Search for the name of the agent or agency you are trying to research.
    If there is dirt on an agent, chances are high it will be here.

  2. Check out Writer Beware, read their Literary Agent Red Flags, and their Thumbs Down Agencies List.
  3. When in doubt, ask:

    If you know a writer who has been through the querying trenches a time or two, chances are they know some of the shoddy agents and agencies by name. I can think of several in my head right now.  o.O

Now, go forth and polish up your manuscript, fix up that query letter, and query all those agents!*

*In batches of 6-10, ideally including first mostly agents from your A and B tiers and maybe a C or two. You did rank the agents in your list, right?? Whoops I forgot to mention that step!

If you need help with your Query, I've compiled some resources for that here:
Querying Resource Roundup


Additional Agent Researching Resources:

How to Find a Literary Agent - Jane Friedman || Researching Literary Agents - Susan Dennard || 25 Things Writers Should Know bout Literary Agents - Chuck Wendig || How to Research and Target Literary Agents - Writers In The Storm || How to Research a Literary Agent - Nathan Bransford || How Do You Know if Your Agent is Any Good? || Bookends on Bad Agents ||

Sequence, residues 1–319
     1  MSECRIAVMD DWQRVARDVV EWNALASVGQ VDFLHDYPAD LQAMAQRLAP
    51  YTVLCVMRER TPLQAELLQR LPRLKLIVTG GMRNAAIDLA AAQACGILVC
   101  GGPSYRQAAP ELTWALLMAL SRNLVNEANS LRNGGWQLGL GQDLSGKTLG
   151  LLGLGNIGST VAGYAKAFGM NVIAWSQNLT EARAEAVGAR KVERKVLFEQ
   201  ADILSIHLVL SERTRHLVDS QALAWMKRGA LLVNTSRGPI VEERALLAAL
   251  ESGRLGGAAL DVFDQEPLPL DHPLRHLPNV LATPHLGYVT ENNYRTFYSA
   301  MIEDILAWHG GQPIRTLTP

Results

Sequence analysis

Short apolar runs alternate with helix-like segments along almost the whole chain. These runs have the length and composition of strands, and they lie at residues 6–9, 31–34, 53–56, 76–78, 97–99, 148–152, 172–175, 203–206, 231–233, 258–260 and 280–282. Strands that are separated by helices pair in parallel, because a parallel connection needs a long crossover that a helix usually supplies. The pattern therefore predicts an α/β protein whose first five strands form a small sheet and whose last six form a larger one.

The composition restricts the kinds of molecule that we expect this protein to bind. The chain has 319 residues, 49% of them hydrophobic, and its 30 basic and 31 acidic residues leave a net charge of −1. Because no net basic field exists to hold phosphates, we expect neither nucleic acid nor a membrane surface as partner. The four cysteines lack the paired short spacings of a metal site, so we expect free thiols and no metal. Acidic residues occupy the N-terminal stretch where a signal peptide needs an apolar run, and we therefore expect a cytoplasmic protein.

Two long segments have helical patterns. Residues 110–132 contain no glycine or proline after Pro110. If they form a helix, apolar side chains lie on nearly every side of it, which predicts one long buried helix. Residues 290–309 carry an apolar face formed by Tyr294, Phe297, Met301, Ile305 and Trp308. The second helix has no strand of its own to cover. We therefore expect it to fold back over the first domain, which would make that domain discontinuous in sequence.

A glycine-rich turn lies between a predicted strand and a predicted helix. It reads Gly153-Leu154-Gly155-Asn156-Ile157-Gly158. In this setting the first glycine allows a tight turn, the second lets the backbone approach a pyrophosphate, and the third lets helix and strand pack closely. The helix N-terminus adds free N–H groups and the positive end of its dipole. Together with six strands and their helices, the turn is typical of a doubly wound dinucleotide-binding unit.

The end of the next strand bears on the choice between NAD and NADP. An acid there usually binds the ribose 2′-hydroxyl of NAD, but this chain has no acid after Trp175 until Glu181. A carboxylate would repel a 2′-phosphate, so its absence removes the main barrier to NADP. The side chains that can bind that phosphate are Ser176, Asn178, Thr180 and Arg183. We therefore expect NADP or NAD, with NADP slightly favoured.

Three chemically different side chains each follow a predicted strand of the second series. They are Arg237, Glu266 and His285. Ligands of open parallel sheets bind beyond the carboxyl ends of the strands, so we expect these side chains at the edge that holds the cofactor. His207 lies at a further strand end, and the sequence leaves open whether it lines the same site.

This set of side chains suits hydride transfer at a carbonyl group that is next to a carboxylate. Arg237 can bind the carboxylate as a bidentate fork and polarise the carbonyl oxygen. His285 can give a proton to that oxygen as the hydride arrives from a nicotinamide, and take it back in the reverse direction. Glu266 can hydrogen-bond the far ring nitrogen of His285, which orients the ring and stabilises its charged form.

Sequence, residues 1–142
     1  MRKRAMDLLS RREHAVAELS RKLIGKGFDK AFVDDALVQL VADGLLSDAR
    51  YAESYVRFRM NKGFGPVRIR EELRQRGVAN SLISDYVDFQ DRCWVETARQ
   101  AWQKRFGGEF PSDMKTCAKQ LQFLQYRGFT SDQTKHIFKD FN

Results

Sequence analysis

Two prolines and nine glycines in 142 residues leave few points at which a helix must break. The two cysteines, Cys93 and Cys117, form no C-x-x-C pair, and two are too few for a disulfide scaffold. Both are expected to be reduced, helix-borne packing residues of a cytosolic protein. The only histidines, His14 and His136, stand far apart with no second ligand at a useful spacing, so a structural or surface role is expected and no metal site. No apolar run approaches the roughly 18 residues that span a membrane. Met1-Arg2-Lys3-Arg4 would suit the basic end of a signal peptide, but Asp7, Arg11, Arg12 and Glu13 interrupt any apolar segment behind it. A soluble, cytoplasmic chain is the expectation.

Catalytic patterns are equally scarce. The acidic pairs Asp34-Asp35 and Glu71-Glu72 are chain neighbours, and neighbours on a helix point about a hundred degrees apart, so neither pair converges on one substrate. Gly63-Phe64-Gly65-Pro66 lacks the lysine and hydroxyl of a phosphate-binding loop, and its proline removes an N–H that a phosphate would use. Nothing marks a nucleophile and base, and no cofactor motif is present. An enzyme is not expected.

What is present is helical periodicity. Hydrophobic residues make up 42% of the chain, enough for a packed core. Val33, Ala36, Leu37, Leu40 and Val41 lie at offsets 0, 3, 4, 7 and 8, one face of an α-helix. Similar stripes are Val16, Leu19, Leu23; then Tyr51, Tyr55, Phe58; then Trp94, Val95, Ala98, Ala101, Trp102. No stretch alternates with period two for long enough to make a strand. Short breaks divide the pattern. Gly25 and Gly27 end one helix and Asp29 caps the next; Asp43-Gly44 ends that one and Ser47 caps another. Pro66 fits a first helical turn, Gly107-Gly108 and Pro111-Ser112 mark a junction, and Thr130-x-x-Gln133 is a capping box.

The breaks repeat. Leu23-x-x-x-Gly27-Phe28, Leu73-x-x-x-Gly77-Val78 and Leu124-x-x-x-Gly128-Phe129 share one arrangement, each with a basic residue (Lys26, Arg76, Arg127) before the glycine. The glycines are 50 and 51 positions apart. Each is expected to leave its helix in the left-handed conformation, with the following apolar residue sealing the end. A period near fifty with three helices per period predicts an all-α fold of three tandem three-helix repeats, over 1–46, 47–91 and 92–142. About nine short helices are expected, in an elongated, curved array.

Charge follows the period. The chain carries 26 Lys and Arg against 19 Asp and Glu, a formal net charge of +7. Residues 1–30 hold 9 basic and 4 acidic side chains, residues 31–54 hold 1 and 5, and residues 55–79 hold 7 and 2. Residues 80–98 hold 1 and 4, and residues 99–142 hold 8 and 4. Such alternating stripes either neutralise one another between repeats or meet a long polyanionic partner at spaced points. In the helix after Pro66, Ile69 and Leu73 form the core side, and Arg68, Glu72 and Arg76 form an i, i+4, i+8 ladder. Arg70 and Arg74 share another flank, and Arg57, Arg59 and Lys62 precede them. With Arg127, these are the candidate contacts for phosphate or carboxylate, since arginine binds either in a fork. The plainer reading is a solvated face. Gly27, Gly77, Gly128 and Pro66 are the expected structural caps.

Wednesday, April 4, 2018

Query Lab #4 - April Giveaway Open

Query Lab #4 Giveaway
image: holdentrils
In case you missed it, The Query Lab is a new feature on my blog. After getting through the query trenches myself I wanted to give back to the writing community!

When the giveaway runs, I'll open up a submissions window for those interested in receiving a Query & 1st 10 page critique from me. When the sub window closes, I'll randomly select winners and a runner up!

4 Winners will receive a private Query & 1st 10 page critique/consultation from me.

1 Runner-Up will receive a Query-only Critique from me that will be publicly posted on this blog.

      { What does a public crit from me look like? 
                            Click here to see! }

I'm most experienced with YA and MG, as that's what I write. However, I can definitely help with other age categories as well. The only thing I wouldn't be a good fit for is erotica (sorry!!)

{ For more info on The Query Lab, please see the original information post here!
   And check out my Calendar of other opportunities for query critiques.}


The Query Lab #DVPit & #pitdark Edition

Query + 1st 10 Page Critique Giveaway

OPEN UNTIL APRIL 18th

Also! Note that next month's theme will be #PitMad manuscripts,

check back here in May for that
announcement and entry window!



How to Enter:

  • Meet the Monthly Focus Criteria: